A pilgrimage to San Francisco

I was in San Francisco recently, to visit the relics of my patron saint, St. John of Shanghai and San Francisco (the previous link is my blog post about St. John). The relics are located at the Holy Virgin Cathedral at the west side of San Francisco. This is where St. John served as bishop.

The exterior of the Holy Virgin Cathedral


The plaque on the cathedral

The iconography on the church was really beautiful, and my subpar photography skills really don’t do it justice.

The iconostasis


The dome
I found the stained glass windows really interesting. These aren’t that common in Orthodox churches.

I arrived early Wednesday morning during Lent, so I was able to take communion in their pre-sanctified Divine Liturgy. I had emailed one of the priests, Father Peter beforehand, introducing myself. He came out at the start of the service, and I suppose I was the only Malaysian-looking person at the church because he recognized me. We had some brief small talk after confession. He seemed pretty excited to hear that the Orthodox church has a presence in a place like Malaysia.

The entire service was in Slavonic. The choir was small, since this was a midweek service, but it sounded wonderful. A little after the start of the service, about 50 schoolkids in matching green blazers trotted in. They were students in the church school that was next door (named after St. John).

The entrance of the church school next door

In the right side of the church, there was an enclosure with a small box. This box contained the relics of St. John. The design of the enclosure was really nice. On the left side was an icon of St. Michael the Archangel (St. John’s birth name was Michael) and the right was an icon of St. John of Tobolsk (the patron saint of St. John of Shanghai). In the middle was a large icon of St. John of Shanghai himself.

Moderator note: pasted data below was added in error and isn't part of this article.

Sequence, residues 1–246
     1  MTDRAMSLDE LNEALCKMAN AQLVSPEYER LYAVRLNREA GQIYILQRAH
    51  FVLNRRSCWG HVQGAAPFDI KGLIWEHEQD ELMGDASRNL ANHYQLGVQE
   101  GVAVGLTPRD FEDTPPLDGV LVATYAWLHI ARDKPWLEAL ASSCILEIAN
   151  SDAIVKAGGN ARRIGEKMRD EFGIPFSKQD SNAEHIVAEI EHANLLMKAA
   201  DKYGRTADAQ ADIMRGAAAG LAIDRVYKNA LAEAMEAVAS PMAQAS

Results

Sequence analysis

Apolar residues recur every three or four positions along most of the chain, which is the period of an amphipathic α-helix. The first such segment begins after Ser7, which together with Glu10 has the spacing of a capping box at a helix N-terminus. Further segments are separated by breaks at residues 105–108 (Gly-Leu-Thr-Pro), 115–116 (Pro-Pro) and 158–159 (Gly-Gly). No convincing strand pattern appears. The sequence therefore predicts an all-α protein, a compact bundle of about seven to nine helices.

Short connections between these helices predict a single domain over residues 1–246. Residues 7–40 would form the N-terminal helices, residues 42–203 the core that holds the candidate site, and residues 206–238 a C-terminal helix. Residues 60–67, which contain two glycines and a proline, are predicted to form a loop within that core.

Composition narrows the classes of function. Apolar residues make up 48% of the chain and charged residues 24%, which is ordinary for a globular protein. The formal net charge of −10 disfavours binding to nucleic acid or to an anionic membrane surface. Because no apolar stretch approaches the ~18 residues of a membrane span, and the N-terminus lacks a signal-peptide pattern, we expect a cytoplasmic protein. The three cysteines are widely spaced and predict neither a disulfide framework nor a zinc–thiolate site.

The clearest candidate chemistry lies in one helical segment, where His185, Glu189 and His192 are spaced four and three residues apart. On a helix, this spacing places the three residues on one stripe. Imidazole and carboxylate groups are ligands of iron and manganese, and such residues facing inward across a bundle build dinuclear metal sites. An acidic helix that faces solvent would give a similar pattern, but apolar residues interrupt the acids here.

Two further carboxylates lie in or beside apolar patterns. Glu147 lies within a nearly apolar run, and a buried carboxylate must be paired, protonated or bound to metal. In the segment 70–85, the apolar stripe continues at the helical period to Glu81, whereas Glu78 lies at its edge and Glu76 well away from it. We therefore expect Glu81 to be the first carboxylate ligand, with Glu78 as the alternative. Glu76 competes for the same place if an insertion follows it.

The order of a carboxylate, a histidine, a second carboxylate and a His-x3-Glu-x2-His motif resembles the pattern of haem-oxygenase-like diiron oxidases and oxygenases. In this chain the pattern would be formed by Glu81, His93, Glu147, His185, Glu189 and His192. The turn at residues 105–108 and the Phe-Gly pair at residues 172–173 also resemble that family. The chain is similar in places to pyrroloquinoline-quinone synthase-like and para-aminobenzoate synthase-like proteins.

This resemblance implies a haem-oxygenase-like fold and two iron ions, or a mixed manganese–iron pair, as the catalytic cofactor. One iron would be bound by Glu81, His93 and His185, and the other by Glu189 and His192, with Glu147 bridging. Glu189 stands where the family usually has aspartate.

The enclosure where the relics of St. John are kept. Visitors were freely allowed to enter.

This is the first time I had encountered a saints’ relics, and so I did not know what I was supposed to do. Luckily, there was a steady stream of visitors, so I ended up just mimicking the people who seemed to know what they were doing. Some people were just standing contemplatively in the enclosure. Others were kissing the glass cover of the coffin, and still others knelt, with their head against the coffin’s wooden side. All sorts of people came to see the relics. A few of them brought rolling luggage bags. I suppose they were either on the way to the airport or had just arrived in San Francisco, and were making a quick stop.

I had a small prayer book containing prayers and the akathist to St John, so when I was alone in the church I said them. I then spent a lot of that afternoon in silence, just gazing at the relics.

At about 3pm, the church school students went back to the church in their matching green blazers. I suppose this was the end of their school day. They said a short liturgical prayer, and then lined up and one-by-one kissed the top of the coffin, while singing the Megalynarion for St. John:

We magnify Thee, our holy Hierarch John, and we honor Thy holy memory, for Thou dost pray for us to Christ our God.

The sound of 50 school children softly, reverently singing this short hymn was moving and beautiful, and I was grateful for the privilege to have seen it.

St. John was dressed in his bishop’s clothing, including a staff in his hands. His face was covered up, but we could see his hands and parts of his feet. Remarkably well preserved, for someone who had died fifty years ago. When a body refuses to decay like this, Orthodox Christian take this as a sign that the person might have been a saint (this was an important plot point in the novel the Brothers Karamazov).

 This photo was taken by User:TGrain from Wikipedia (Link)

It was really wonderful being able to see the relics in person. St. John is known as “the wonderworker” and for good reason. Throughout his ministry he performed a lot of miracles, as fantastic as those we read about in the Acts of the Apostles. I am really drawn to him, because he feels like a man born in the wrong century-  like a figure from the 1st century church somehow appearing in the 20th. As a protestant I had believed that the church of the apostles had died or faded away, to be revived in the 1500s. But here was the body of a man who performed wonders like Peter and Paul did, and whose life reminds us that this Acts church, the one that Christ commissioned, is alive and still the same today.

Seeing the physical relics- St John himself, his clothes and other belongings- also affirmed to me that the Christian faith is not just about sophisticated theology, abstract ideas, but it is about God making his influence known through real people and real things. The incorrupt body of the Saint is a prefiguring of the Christian promise- that all our bodies will be restored to fullness after we die. May this promise give us the freedom to love others sacrificially, recklessly, without regard for our safety and comfort- just as St John lived, and just as Christ lived before him.

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